Liquidated Damages

Liquidated damages are sometimes written into a contract by the parties as a method for assessing damages in the event of a breach. The parties stipulate to the amount, or a formula to determine the amount in situations where precise damages would be difficult to ascertain. Liquidated damages provisions are permitted only where prospective damages are uncertain or very difficult to establish; if the parties simply made no attempt to determine the amount of possible damages, a liquidated damages provision may be unenforceable. In addition, a liquidated damages provision will be stricken as void if a court determines that it is in fact penal in nature.

Rules Regarding Avoidable Consequences and Collateral Sources

The plaintiff generally has a duty to minimize special damages, i.e., she cannot recover for damages that could have been avoided by reasonable acts or expenditures. For example, a plaintiff who has been wrongfully discharged from employment by the defendant employer has a duty to seek similar employment after the discharge, rather than to sit idly by and allow damages to accumulate. The plaintiff may have a duty to accept similar employment, thereby mitigating her damages. Likewise, a person who suffers personal injury generally has a duty to seek reasonable medical care.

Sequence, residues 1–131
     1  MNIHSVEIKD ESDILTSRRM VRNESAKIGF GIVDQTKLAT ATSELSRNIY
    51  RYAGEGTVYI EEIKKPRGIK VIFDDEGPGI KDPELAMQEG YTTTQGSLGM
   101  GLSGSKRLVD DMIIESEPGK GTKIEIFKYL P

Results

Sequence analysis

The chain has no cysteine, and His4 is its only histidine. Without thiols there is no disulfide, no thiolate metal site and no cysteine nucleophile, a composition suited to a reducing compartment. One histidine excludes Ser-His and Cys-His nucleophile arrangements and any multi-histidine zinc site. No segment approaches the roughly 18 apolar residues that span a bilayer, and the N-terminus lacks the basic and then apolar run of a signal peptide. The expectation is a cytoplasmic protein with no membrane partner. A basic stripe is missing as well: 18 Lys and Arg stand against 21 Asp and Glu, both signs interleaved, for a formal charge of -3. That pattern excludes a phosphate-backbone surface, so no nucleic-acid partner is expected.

The collateral source rule means that a defendant shall not be enriched because the plaintiff has received benefits from a source other than the defendant as compensation for injury or breach. For example, a plaintiff injured because of defendant's negligence is entitled to recover from the defendant the full cost of medical services, even if the bills were paid by the plaintiff's relatives or provided free of charge.

Tort Damages Reform and Caps on Damages

Many jurisdictions enacted statutory damages caps on personal injury cases during a tort reform movement in the 1980s. In general, three different types of statutes have been enacted. One type allows full recovery of pecuniary damages, but limits recovery of nonpecuniary losses such as loss of consortium, pain and suffering, or mental distress. Other statutes limit actual pecuniary damages. These statutes typically apply only to specific categories of defendants, such as health care providers, governmental entities, or alcohol providers. Finally, some jurisdictions impose dual caps, that is, some combination of the first and second types of statutes.

Some damages caps have been successfully challenged on constitutional grounds as being a denial of due process and equal protection, particularly where damages were capped in favor of an interest group, such as health care providers, and where the statute provided for no substitute manner of compensation.